Naming Ionic compounds Latin Names

Naming Ionic compounds
• Binary Compounds
– Name the cation – always comes first
– Indicate the charge on the cation if necessary
• Transition metals can form more than one
• Roman numerals or Latin names are used
to identify the ion
– Name the anion
• Use the beginning of the anion followed by
the suffix “ide”
Write the formula for the ionic compound that will form
between Ba2+ and Cl−.
1. Balance charge with + and – ions
2. Write the positive ion of metal first, and the
negative ion
3. Write the number of ions needed as
Names of Variable Metallic Ions
Write the correct formula for the compounds
containing the following ions:
1. Na+, S2a) NaS
b) Na2S
c) NaS2
2. Al3+, Cla) AlCl3
b) AlCl
c) Al3Cl
3. Mg2+, N3a) MgN
b) Mg2N3
c) Mg3N2
These elements REQUIRE Roman Numerals because they
can have more than one possible charge:
any metal except alkali metals, alkaline earth metals,
Ag, Zn, Cd, and Al
(You should already know the charges on these!)
Or another way to say it is: Transition metals and the metals in groups
4A and 5A (except Ag, Zn, Cd, and Al) require a Roman Numeral.
(Fe3+) iron (III) chloride
(Cu+ ) copper (I) chloride
(Sn4+) tin (IV) fluoride
(Pb2+) lead (II) chloride
(Fe3+) iron (III) sulfide
Latin Names
• Copper
– +1 cuprous
– +2 cupric
• Iron
– +2 ferrous
– +3 ferric
• Lead
– +2 plumbous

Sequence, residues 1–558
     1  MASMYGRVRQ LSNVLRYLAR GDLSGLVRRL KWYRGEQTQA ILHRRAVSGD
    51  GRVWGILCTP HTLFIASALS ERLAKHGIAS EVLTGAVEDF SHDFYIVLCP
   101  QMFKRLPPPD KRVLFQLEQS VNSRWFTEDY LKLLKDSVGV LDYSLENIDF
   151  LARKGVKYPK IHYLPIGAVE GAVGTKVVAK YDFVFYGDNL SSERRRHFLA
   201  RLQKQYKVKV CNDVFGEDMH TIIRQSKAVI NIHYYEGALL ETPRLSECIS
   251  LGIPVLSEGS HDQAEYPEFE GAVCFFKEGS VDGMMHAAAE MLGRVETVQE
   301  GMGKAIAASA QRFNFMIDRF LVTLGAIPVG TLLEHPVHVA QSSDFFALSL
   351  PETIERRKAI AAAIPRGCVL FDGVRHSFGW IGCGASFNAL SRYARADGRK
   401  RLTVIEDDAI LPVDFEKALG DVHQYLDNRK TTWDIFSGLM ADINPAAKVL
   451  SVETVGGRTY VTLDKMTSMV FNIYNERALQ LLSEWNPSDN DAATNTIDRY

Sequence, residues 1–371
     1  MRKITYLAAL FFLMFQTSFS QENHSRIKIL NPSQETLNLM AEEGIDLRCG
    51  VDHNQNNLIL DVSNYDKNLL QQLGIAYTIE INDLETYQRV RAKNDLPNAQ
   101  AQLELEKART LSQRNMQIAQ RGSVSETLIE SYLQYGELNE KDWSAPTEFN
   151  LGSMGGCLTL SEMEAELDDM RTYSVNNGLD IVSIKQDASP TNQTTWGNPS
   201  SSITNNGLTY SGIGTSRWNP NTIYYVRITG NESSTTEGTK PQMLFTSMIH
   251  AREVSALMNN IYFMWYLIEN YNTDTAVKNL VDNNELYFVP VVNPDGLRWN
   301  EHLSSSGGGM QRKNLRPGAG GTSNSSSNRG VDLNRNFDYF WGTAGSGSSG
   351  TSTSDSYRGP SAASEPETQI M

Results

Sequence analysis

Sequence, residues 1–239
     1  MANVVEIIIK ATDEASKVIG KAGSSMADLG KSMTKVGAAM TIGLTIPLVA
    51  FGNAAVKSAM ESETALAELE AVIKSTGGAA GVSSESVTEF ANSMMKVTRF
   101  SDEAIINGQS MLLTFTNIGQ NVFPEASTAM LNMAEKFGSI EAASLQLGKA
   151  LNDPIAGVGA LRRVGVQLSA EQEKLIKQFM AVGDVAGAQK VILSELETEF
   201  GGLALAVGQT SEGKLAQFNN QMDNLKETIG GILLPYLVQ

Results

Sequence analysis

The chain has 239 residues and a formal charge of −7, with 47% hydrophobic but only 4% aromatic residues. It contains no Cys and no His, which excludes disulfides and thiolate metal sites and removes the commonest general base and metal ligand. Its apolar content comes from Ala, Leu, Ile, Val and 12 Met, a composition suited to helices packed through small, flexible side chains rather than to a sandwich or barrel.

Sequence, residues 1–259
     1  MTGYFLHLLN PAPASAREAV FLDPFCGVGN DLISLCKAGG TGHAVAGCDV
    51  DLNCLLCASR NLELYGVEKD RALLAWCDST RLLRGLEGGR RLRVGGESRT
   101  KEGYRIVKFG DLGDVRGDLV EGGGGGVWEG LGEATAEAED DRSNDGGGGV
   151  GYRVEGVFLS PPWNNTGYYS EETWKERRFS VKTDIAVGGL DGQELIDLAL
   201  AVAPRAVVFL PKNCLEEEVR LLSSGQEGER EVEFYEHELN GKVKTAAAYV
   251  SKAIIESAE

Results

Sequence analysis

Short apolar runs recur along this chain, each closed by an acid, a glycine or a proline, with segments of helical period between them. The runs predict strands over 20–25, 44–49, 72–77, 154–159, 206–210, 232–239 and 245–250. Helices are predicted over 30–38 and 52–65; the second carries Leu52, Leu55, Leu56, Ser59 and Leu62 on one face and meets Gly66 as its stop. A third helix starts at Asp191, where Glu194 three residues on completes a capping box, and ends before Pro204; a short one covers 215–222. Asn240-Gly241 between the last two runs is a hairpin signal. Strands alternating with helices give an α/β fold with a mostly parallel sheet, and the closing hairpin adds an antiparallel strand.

– +4 plumbic
• Tin
– +2 stannous
– +4 stannic
• Mercury
• +1 mercurous
• +2 mercuric
• Ternary compounds – more than 2 elements
– Name the cation
– Name the anion (usually a polyatomic ion)
• Polyatomic ions
– The most common form of the ion uses the suffix
– Adding one oxygen to the common form adds the
prefix “per”
– Removing one oxygen from the common form
changes the suffix to “ite”
– Removing an oxygen from the “ite” form adds the
prefix “hypo”
Naming Molecular Compounds
• Adding a hydrogen to any polyatomic ion adds the
prefix “bi” and a positive one to the charge
• Replacing an oxygen with sulfur in any polyatomic ion
adds the prefix :thio”
• Name the first element
– Use prefixes to indicate the number of atoms of that element
(mono is never used on the first element)
• Name the second element changing the ending to “ide”
– Use prefixes to indicate the number of atoms of that element
• 1 – mono
• 2 – di
• 3 – tri
• 4 – tetra
• 5 – penta
• 6 – hexa
• 7 – hepta
• 8 – octa
• 9 – nona
• 10 – deca
Naming Acids
• You recognize that the compound is an acid when it
begins with hydrogen
– Binary acids
• Acids with only two elements
• Prefix is always hydro
• Name the second element using the suffix “ic”
– EX: HCl
• Hydrochloric acid
– H3P
• Hydrophosphoric acid
• Ternary acids – the name depends on which
polyatomic ion is in the acid
– If the polyatomic ion ends in “ate”, the acid ends in “ic”
– If the polyatomic ion ends in “ite” the acid ends in “ous”
– Examples
• HClO3
– Chloric acid
• HClO2
– Chlorous acid
• HClO4
– Perchloric acid
• HClO
– Hypochlorous acid